Minegoziibe Anishinabe (Pine Creek First Nation)

AMC Grandmothers Council

In 2017, at the Assembly of Manitoba Chiefs’ Special Chiefs Assembly on Child and Family Services, the AMC Women’s Council and the Chiefs Task Force on Child and Family Matters recommended amending the AMC Constitution to include a Grandmothers Council.

The Grandmothers Council reclaims the significant role grandmothers have played within our First Nations to share teachings with Manitoba First Nations leadership and communities and to take back responsibility for teaching our children, youth, young mothers, young fathers and parents.

Ammended Article 21 of the AMC Constitution to create a Grandmothers Council:

  1. The Grandmothers Council shall consist of Grandmothers representative of the First Nations in Manitoba.
  2. The size and membership of the Grandmothers Council will be determined by the Executive Council of Chiefs and based on the advice of the Grandmothers.
  3. The Grandmothers Council will select a representative who will assist in Assemblies. Executive meetings and Special Assemblies.
  4. The Grandmothers Council will be called upon to provide advice and functional guidance to the Chiefs-in-Assembly.
  5. The Grandmothers Council may make recommendations to the Executive Council and to the Assembly of Chiefs-in-Assembly.

Grandmothers Statement:

The gift of creation, gifted to Women by our Creator, a shared blessing and a responsibility, a responsibility to care for, love and teach our children and grandchildren. Teachings provided by our Creator and our Mother Earth that can only be taught by our Mother.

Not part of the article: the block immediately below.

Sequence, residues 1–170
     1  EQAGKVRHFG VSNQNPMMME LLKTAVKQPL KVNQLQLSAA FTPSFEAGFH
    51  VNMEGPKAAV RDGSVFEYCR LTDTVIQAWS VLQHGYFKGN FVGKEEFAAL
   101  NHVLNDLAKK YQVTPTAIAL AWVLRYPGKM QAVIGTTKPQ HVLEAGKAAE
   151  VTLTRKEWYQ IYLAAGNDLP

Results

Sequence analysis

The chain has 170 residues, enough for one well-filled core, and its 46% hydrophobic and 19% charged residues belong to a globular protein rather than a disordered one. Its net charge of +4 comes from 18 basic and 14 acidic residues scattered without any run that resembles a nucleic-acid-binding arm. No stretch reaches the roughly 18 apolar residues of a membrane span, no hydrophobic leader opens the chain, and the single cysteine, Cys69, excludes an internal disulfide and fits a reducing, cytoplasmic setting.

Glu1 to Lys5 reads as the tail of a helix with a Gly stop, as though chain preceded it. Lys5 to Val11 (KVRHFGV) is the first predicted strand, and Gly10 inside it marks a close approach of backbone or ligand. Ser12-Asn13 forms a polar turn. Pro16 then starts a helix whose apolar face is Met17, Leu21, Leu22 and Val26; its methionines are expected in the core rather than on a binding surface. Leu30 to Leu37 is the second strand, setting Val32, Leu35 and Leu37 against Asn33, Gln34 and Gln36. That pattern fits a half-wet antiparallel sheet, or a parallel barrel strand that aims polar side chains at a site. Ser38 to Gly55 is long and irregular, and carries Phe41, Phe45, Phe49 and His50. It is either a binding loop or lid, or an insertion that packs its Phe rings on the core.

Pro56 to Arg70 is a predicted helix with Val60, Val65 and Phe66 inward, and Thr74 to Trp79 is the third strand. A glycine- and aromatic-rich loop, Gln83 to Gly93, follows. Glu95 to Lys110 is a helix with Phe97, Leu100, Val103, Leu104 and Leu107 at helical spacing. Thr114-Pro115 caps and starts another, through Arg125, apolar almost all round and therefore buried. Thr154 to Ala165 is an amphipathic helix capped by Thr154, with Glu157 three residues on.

“We all have a sacred responsibility to take care of and make an alliance with Mother Earth. We are a peaceful people. We are not asking for anything for ourselves. The human being was the last part of creation to be created. It is our spiritual responsibility to take care of that life.”

Excerpt from The Great Binding Law

View Igichi Tibakonigaywin, Kihche Othasowewin, Tako Wakan: The Great Binding Law here.

Manitoba First Nation Youth Council

This year, we are pleased to embark on the revival of a Manitoba First Nations Youth Council by the Assembly of Manitoba Chiefs! This Council initiative stems from a resolution passed by Chiefs at an Assembly in Dakota Tipi First Nations, marking a monumental step forward. After a brief hiatus, we’re excited to re-establish this Provincial First Nation Youth Council, providing a stronger platform for us to raise our voices and enact meaningful change.

On March 26, 2024 we held an election in Manitoba, introducing 14 Candidates from First Nations across Manitoba. On April 3, 2024, we announced the winners:

North Youth Leader:
Hunter Beardy

York Factory First Nation